Layers of Earth's Atmosphere
The Earth's Atmosphere
The atmosphere surrounds Earth and protects us by blocking out dangerous rays
from the sun. The atmosphere is a mixture of gases that becomes thinner until
it gradually reaches space. The air in the atmosphere is essential to life
because it allows us to breathe.
Recently, there have been many studies on the atmosphere connected to the greenhouse effect . The ozone layer has also been in the news a lot.
The atmosphere is divided into five layers depending on how temperature changes with height. Most of the weather occurs in the first layer.
Layers of the Earth's Atmosphere
There are five layers in the atmosphere. The atmosphere thins out until it reaches space.
- The troposphere is where weather occurs. You breathe the air in the troposphere.
- Many airplanes fly in the stratosphere because it is very stable. Also, the ozone layer is there.
- Many rock fragments from space burn up in the mesosphere.
- The thermosphere is very thin. It's where the space shuttle orbits.
- The upper limit of our atmosphere is the exosphere.
The Average Temperature Profile of Earth's Atmosphere
The troposphere is the lowest layer of the Earth's atmosphere. The temperature in the troposphere goes down as you go higher.
Weather occurs in the Earth's troposphere.
The stratosphere is the second layer of the atmosphere. The the temperature in the stratosphere goes up the higher you go up.
Ozone causes the temperature to go up. It absorbs dangerous light from the Sun and converts it to heat.
The stratosphere is located above the troposphere.
Ozone - An Overview
Have you ever heard of ozone? That's a word that shows up in the news a lot! Do you know what ozone is and why it is important in the Earth's atmosphere?
Ozone is made of three oxygen atoms (O3). You've probably heard of oxygen before -- it's part of the air we breathe. The oxygen that we breathe is made up of two oxygen atoms (O2). Add another oxygen atom, and you have ozone! When a lot of ozone is around, you would see it as a pale blue gas. Ozone is found in two different layers of the atmosphere, the stratosphere and the troposphere. Where we find ozone in the atmosphere determines whether we consider it to be "good" or "bad"!
In the troposphere, the ground-level or "bad" ozone is an air pollutant that damages human health and plants. It is a key ingredient in smog. In the stratosphere, we find the "good" ozone that protects life on Earth from the harmful effects of the Sun. The simple saying "Good up high and bad near by" sums up ozone in the atmosphere.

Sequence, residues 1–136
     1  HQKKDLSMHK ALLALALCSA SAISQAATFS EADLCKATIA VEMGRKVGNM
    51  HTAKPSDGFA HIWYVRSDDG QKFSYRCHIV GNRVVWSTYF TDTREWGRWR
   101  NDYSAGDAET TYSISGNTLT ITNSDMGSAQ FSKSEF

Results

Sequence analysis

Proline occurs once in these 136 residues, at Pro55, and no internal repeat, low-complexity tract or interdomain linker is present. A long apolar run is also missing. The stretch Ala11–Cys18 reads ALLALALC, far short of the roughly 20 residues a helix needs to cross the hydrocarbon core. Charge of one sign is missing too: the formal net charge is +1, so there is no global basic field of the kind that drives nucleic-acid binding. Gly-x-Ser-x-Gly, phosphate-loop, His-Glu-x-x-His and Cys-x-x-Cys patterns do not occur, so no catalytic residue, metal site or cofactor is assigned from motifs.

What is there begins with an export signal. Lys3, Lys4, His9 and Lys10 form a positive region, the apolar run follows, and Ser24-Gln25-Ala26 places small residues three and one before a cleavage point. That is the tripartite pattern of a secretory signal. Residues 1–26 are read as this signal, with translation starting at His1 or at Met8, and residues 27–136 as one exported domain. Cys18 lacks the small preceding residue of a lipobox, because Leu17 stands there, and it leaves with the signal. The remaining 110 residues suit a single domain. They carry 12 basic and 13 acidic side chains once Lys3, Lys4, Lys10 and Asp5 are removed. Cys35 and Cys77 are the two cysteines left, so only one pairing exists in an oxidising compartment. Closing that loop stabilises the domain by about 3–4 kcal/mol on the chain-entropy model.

Ozone in the Stratosphere
Most of the ozone that we know about is found in the the stratosphere, the second layer of the Earth's atmosphere. Ozone forms a kind of layer in the stratosphere. This layer shields us from the Sun's ultraviolet light. This ultraviolet light can cause damage to people like giving them skin cancer or causing tissue damage to their eyes. Ultraviolet light can also be bad for plants and animals.
The ozone layer would be very good at its job of protecting Earth from too much ultraviolet radiation - that is, it would if humans did not contribute to things! Human-released chemicals are speeding up the breakdown of ozone, so that there are "holes" now in our ozone protection shield.
Scientists know about this problem. They have told governments around the world that they need to stop making and releasing these harmful chemicals that break down ozone in the stratosphere. Countries have started doing this, and scientists are hoping that this will eventually heal the "holes" that were made in the ozone shield.
The mesosphere is the third layer in the atmosphere. The temperature drops when you go higher, like it does in the troposphere. It can get down to -90°C in the mesosphere. That's the coldest part of the atmosphere!
The mesosphere starts on top of the stratosphere. Sometimes you can see the mesosphere by looking at the edge of a planet.
The thermosphere is the fourth layer of the Earth's atmosphere. It is found above the mesosphere. The air is really thin that high up. The temperature changes with the solar activity. If the sun is active, temperatures in the thermosphere can get up to 1,500°C or higher!
The Earth's thermosphere also includes the region called the ionosphere.
The ionosphere is a special part of the atmosphere. It is not a separate layer, but part of the thermosphere.
Different regions of the ionosphere make long distance radio communication possible by reflecting the radio waves back to Earth. It is also home to auroras.
Temperatures in the ionosphere just keep getting hotter as you go up!
Regions of the Ionosphere
The ionosphere is broken down into the D, E and F regions.
The D region is the lowest. Then comes the E region. The F region is the highest. You can see this in the picture below.
This image shows how the ionosphere is divided even further into layers:
D, E, and F layers.
The Sun's Effect on the Ionosphere
The ionosphere is an invisible region found in the Earth's atmosphere. When the Sun is more active, the ionosphere is thicker.
So things like flares and coronal mass ejections will make the ionosphere thicker!
This image shows how different types of solar radiation (x-rays to infrared
radiation) penetrate into the Earth's atmosphere. It is this solar radiation
that ionizes the upper atmosphere, creating the ionosphere.
The last layer of the Earth's atmosphere is the exosphere. This is the area where atoms escape into space.